Maximum plaque height in carotid ultrasound predicts cardiovascular disease outcomes: a population-based validation study of the American Society of Echocardiography’s grade II–III plaque characterization and protocol
Johri AM, Lajkosz KA, Grubic N, Islam S, Li TY, Simpson CS, Ewart P, Suri JS, Hétu M. Int J Cardiovasc Imaging. 2021; Jan 27 [Epub ahead of print]. DOI: https://doi.org/10.1007/s10554-020-02144-5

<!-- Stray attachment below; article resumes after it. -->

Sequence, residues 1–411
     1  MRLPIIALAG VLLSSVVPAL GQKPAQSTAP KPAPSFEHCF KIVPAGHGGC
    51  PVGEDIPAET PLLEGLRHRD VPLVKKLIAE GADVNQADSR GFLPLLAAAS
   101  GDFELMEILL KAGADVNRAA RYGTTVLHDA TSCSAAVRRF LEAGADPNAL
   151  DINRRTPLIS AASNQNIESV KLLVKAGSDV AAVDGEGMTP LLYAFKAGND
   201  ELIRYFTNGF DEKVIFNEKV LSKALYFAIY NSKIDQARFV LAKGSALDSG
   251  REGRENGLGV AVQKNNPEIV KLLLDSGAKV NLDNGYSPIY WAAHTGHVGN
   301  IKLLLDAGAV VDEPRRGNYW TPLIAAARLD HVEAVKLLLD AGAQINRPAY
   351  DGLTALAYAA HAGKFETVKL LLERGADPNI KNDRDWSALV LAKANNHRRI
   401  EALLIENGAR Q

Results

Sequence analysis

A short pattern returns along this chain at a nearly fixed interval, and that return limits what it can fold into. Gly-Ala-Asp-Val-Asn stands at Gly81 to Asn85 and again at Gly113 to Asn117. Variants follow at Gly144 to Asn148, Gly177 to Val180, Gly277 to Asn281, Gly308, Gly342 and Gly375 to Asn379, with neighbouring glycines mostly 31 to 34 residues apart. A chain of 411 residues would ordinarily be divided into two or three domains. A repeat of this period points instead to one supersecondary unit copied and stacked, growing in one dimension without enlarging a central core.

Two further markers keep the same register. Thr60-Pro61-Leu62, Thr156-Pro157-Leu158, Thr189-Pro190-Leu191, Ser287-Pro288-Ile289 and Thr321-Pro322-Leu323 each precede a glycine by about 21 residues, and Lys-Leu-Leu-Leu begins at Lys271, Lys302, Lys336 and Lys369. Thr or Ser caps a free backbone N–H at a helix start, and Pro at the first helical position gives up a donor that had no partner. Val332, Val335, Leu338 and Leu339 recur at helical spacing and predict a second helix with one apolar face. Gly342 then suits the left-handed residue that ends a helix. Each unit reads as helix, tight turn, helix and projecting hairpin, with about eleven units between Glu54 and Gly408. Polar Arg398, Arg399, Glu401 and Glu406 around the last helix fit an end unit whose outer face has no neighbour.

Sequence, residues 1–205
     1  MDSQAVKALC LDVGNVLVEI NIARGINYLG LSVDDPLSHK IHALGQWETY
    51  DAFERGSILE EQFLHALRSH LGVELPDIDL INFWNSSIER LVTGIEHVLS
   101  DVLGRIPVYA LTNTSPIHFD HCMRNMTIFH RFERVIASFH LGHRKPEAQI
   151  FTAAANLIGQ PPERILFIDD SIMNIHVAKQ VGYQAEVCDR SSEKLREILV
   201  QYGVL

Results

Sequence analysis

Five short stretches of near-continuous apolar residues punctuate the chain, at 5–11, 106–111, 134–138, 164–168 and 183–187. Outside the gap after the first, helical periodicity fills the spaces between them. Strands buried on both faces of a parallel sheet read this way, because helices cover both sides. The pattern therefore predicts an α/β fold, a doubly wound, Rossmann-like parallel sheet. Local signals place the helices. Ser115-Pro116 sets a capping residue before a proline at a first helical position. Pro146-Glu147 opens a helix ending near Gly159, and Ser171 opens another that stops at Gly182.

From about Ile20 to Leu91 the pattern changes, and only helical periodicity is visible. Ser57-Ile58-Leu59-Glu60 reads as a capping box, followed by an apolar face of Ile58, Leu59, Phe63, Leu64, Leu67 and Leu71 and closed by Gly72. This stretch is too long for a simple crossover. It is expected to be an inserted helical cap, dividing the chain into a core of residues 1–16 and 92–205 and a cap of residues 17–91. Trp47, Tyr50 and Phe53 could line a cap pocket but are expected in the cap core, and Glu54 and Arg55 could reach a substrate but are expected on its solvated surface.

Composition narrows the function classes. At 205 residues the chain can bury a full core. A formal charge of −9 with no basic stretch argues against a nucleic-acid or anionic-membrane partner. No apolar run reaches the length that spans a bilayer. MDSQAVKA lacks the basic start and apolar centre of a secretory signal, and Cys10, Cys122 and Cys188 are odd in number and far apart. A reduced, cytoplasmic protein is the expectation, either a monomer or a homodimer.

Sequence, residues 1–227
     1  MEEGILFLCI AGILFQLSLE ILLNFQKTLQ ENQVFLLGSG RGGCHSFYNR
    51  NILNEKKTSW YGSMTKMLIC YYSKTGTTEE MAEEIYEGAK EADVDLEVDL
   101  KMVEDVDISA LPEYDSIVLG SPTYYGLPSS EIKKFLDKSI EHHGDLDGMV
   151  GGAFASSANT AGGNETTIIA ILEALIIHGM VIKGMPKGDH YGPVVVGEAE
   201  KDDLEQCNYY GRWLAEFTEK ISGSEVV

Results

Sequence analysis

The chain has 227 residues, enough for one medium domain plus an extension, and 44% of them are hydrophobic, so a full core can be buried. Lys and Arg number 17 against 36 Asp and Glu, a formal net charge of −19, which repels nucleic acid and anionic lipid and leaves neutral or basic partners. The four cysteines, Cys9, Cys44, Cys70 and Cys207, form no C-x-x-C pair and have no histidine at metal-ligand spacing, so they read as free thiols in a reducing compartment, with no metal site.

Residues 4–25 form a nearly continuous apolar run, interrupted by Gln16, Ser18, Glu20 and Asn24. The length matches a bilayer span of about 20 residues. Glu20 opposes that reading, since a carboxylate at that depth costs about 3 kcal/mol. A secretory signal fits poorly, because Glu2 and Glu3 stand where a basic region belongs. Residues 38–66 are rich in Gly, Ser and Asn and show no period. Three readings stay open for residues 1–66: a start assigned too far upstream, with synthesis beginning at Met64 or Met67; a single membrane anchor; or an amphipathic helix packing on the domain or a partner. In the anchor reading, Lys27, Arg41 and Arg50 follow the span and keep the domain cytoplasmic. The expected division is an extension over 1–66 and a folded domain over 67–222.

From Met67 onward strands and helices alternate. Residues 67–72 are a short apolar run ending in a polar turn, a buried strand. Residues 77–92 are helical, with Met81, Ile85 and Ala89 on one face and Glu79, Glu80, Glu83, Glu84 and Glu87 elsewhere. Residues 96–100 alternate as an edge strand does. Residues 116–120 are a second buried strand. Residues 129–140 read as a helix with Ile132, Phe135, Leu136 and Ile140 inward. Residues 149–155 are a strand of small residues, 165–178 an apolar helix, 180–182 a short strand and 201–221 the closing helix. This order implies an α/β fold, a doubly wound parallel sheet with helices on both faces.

The presence of carotid arterial plaque by ultrasound enhances cardiovascular risk stratification beyond traditional risk factors. However, plaque quantification techniques require further outcomes-based investigation. The purpose of this study was to evaluate the utility of a focused carotid ultrasound protocol and novel plaque grading system developed by the American Society of Echocardiography (ASE). A retrospective analysis of 514 outpatients who were referred for coronary angiography between 2011 and 2014 was performed using a province-sponsored health database. All participants prospectively received a focused carotid ultrasound. Maximum plaque height (MPH) of arterial carotid plaque was quantified, using the grade II–III plaque definition of MPH ≥ 1.5 mm for stratification, according to recent ASE recommendations. Participants were followed for 1.33–5.11 years (average follow-up = 3.60 ± 1.65 years) to identify the occurrence of cardiovascular events. Major events (death, myocardial infarction [MI], stroke, and transient ischemic attack [TIA]) were correlated to MPH. Participants with MPH ≥ 1.5 mm were more likely to experience stable angina, coronary artery bypass grafting, and stress testing at both 1-year and total follow-up. After adjusting for cardiac risk factors, increased MPH was shown to be predictive for TIA (odds ratio [OR] = 1.33, 95% confidence interval (CI) = 1.01–1.75); p = 0.04), whereas the odds of non-ST-elevation MI (OR = 1.55, 95% CI = 0.99–2.43; p = 0.06) approached significance. Using Kaplan–Meier survival analysis, MPH ≥ 1.5 mm demonstrated good separation for the composite outcome of death, MI, stroke, and TIA over total follow-up (p = 0.02). This rapid, office-based quantification of MPH in carotid ultrasound may serve as a stratification tool for predicting major cardiovascular events.